Providing Care to Kids Trapped in the Middle of the Refugee Crisis
From the beginning of 2016, the HOPE volunteers and medical staff supporting the refugees traveling though the country have treated more than 1,000 patients, mostly children with illnesses such as fevers, and head lice, and adults struggling from illnesses such as bronchitis and diabetes. A new volunteer team, consisting a doctor, nurse and a logistician which began helping at the northern border on March 15, reported treating more than 50 patients on the very first day.
During 2015, Europe witnessed the largest movement of refugees since World War II. Since then, the situation has perpetually escalated, with the number of people fleeing war in the Middle East and arriving in Europe continuing to increase dramatically.
- In January and February of 2015, 11,834 refugees arrived in Europe by sea.
- In January and February of 2016, more than 131,000 refugees have arrived by sea and 418 deaths have occurred in that same short time period.
Despite unilateral action being taken by various countries in Europe, the migrant route has not changed a lot. Migrants arrive by boat from Turkey to a Greek island and then travel to Athens. From there they make their way to the northern border of Greece where they cross into Macedonia. At one point, thousands of refugees and migrants were passing through Macedonia’s two refugee transit centers on a daily basis en route to other European Union (EU) countries. Unfortunately, because of a ‘domino effect’ happening in central Europe, the action of one country at their border affects all other countries along the route.
Macedonia has now had to greatly reduce the number of refugees allowed into the country. This in turn has caused a ‘traffic jam’ at the border between Greece and Macedonia (a non-EU country). There are now more than 7,000 refugees stranded in a camp at the Greek border in Idomeni that is equipped for 1,500 people. Some of the refugees have been at the camp for more than a week. Crowded conditions at the camps are causing frustrations and unrest.
The Greek military have established three other camps near Idomeni. Each camp is equipped to manage 2,000 people. All three camps are already full.
At Macedonia’s northern border with Serbia there is now a camp at Tabanovce with 1,400 refugees waiting to cross into Serbia. Approximately 300 people are being held at the camp because they cannot obtain entry for travel into the EU countries.
Project HOPE has been actively responding to the refugee humanitarian crisis since September of 2015 with the goal of improving health care for the refugees. In close collaboration with the Macedonian Ministry of Health (MOH) and devoted donors and partners, HOPE has delivered five shipments of medical aid, including vaccines, medicines and supplies to be used to support the refugees passing through Macedonia.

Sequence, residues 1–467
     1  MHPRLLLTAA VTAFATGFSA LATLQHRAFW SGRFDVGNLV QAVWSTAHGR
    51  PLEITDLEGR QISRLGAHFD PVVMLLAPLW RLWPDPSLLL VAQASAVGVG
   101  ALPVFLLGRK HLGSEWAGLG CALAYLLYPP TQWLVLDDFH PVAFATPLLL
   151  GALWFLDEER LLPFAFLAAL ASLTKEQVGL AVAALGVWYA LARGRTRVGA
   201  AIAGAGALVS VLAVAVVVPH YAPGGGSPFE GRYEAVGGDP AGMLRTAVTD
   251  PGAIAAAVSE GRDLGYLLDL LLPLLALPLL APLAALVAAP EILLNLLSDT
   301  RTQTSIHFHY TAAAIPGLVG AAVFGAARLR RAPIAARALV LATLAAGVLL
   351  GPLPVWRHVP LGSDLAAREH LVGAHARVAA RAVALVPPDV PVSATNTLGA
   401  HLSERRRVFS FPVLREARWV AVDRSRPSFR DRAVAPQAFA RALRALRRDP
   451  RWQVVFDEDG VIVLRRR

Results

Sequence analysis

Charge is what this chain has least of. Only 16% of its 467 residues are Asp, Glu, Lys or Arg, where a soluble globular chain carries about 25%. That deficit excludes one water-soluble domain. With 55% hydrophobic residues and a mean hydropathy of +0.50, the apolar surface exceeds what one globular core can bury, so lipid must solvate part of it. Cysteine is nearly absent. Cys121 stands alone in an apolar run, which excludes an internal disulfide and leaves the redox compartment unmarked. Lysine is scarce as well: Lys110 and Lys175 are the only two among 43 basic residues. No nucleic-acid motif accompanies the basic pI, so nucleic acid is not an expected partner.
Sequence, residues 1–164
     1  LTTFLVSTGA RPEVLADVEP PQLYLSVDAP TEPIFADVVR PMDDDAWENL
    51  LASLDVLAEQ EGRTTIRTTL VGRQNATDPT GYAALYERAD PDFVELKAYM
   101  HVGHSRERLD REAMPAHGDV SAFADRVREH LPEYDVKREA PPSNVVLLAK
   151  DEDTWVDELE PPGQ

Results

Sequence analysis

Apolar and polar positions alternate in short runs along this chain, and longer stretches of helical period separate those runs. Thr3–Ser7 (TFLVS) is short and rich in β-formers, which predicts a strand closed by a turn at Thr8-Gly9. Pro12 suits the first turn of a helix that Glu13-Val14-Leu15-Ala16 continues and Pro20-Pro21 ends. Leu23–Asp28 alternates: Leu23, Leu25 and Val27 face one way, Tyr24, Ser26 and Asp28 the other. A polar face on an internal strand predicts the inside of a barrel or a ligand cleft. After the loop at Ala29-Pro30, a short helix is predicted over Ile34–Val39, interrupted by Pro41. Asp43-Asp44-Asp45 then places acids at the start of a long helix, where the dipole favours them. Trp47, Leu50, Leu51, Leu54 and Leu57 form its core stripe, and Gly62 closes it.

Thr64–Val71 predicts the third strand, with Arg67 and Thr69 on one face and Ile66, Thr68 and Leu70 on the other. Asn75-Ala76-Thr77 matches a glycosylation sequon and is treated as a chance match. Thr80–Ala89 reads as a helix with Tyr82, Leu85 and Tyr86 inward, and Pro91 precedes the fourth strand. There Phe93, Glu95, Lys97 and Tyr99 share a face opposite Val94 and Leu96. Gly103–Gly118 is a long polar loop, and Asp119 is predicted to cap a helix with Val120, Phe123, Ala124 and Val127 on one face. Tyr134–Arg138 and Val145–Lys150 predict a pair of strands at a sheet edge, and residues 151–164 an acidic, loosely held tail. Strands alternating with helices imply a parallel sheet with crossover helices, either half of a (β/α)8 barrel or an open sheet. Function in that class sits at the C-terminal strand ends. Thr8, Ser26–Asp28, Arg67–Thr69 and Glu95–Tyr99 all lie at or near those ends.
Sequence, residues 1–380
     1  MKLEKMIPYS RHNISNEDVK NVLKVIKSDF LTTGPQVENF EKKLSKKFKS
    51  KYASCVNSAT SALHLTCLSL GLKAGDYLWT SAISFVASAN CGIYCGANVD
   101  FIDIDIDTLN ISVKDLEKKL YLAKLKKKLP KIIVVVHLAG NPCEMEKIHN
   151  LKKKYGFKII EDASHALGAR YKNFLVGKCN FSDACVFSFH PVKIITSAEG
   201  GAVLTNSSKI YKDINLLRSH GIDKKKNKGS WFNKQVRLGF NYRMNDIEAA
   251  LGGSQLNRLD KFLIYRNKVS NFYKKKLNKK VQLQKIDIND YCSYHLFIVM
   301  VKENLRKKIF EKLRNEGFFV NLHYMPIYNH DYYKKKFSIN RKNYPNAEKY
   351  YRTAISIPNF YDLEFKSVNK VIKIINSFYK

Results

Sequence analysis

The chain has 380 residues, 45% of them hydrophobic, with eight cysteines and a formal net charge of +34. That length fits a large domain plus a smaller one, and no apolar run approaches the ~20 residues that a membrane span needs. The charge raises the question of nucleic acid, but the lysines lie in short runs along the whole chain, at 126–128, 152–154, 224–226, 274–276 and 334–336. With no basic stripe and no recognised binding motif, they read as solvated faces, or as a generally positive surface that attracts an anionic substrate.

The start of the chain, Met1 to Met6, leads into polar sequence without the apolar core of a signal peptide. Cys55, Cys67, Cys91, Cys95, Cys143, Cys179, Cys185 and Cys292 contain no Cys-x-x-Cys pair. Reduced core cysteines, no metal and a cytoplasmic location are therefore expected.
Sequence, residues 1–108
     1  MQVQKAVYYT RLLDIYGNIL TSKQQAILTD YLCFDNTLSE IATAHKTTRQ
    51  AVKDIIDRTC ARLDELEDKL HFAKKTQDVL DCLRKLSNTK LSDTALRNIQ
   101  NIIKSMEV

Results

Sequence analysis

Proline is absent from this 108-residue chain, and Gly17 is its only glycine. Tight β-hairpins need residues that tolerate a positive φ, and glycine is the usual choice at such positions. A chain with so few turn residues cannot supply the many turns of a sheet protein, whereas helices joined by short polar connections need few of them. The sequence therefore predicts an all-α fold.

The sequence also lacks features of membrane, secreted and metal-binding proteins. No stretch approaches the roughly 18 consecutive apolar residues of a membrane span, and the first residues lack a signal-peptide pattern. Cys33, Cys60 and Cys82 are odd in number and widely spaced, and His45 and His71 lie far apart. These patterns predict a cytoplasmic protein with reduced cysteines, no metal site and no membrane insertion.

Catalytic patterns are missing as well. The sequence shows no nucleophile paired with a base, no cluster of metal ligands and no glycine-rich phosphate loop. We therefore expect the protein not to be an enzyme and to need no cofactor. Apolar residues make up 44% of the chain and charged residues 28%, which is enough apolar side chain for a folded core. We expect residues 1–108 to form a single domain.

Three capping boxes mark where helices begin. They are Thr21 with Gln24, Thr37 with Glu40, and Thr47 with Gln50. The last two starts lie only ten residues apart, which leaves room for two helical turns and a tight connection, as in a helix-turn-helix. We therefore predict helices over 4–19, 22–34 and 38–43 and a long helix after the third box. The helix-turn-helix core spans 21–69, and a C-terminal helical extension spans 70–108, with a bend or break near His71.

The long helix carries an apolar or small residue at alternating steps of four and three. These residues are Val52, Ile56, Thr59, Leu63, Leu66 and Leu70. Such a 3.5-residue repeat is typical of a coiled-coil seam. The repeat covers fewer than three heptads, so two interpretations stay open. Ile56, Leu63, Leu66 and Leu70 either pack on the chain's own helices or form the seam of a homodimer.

Teams of Project HOPE volunteer doctors and nurses have also been deployed to the two border transit centers in Macedonia to provide medical treatment for those in need. Currently, two teams of doctors and nurses are working 12-hour shifts at each of the border transit centers.
From the beginning of 2016, the HOPE volunteers and medical staff supporting the refugees traveling through the country have treated more than 1,000 patients, mostly children with illnesses such as fevers, and head lice, and adults struggling from illnesses such as bronchitis and diabetes. A new volunteer team, consisting of a doctor, nurse and a logistician which began helping at the northern border on March 15, reported treating more than 50 patients on the very first day.
The Macedonian hospitals in the nearest towns next to the refugee transit centers were already struggling with a shortage of medical personnel before the refugee crisis began. The increased need for medical personnel to help manage the medical needs at the refugee transit centers is adding additional stress on the Macedonian health system. Project HOPE is working to secure a third team of local Macedonian volunteers to provide additional support.
One of the challenges the volunteers face is the transport of the patients that need to be hospitalized, because many of the refugees are refusing to leave the transit centers for fear of being separated from their families.
“We are here to help in any way we can and happy to provide care to these people suffering from severe diseases and illnesses,” Project HOPE volunteer, Dr. Angel Trposka told me.
The Macedonian MOH is truly grateful to Project HOPE for the support provided by the donations of supplies and the volunteer medical assistance that is helping to reduce the huge burden the refugee crisis is having on an already stressed health system.
Project HOPE will continue monitoring this grave humanitarian crisis and providing needed medicines, medical supplies and volunteer support, thanks to your help.